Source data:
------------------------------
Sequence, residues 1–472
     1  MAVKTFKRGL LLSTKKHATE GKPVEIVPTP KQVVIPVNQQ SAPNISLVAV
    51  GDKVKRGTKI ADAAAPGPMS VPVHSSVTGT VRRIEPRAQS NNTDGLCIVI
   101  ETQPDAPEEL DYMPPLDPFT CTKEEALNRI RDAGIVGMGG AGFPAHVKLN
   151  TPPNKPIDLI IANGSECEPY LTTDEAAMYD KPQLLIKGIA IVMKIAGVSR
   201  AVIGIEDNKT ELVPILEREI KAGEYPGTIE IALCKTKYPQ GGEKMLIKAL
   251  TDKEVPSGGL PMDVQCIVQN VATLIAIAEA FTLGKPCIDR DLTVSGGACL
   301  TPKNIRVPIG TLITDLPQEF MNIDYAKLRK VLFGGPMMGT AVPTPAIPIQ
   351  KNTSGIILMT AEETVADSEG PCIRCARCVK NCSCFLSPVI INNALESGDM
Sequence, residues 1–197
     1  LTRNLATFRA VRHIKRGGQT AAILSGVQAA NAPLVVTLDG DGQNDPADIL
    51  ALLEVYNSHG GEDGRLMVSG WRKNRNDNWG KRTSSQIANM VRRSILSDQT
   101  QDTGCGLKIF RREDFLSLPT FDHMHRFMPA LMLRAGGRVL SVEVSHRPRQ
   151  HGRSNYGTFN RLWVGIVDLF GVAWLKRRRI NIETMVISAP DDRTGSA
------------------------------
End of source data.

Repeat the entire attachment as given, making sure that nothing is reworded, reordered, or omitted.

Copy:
Sequence, residues 1–472
     1  MAVKTFKRGL LLSTKKHATE GKPVEIVPTP KQVVIPVNQQ SAPNISLVAV
    51  GDKVKRGTKI ADAAAPGPMS VPVHSSVTGT VRRIEPRAQS NNTDGLCIVI
   101  ETQPDAPEEL DYMPPLDPFT CTKEEALNRI RDAGIVGMGG AGFPAHVKLN
   151  TPPNKPIDLI IANGSECEPY LTTDEAAMYD KPQLLIKGIA IVMKIAGVSR
   201  AVIGIEDNKT ELVPILEREI KAGEYPGTIE IALCKTKYPQ GGEKMLIKAL
   251  TDKEVPSGGL PMDVQCIVQN VATLIAIAEA FTLGKPCIDR DLTVSGGACL
   301  TPKNIRVPIG TLITDLPQEF MNIDYAKLRK VLFGGPMMGT AVPTPAIPIQ
   351  KNTSGIILMT AEETVADSEG PCIRCARCVK NCSCFLSPVI INNALESGDM
Sequence, residues 1–197
     1  LTRNLATFRA VRHIKRGGQT AAILSGVQAA NAPLVVTLDG DGQNDPADIL
    51  ALLEVYNSHG GEDGRLMVSG WRKNRNDNWG KRTSSQIANM VRRSILSDQT
   101  QDTGCGLKIF RREDFLSLPT FDHMHRFMPA LMLRAGGRVL SVEVSHRPRQ
   151  HGRSNYGTFN RLWVGIVDLF GVAWLKRRRI NIETMVISAP DDRTGSA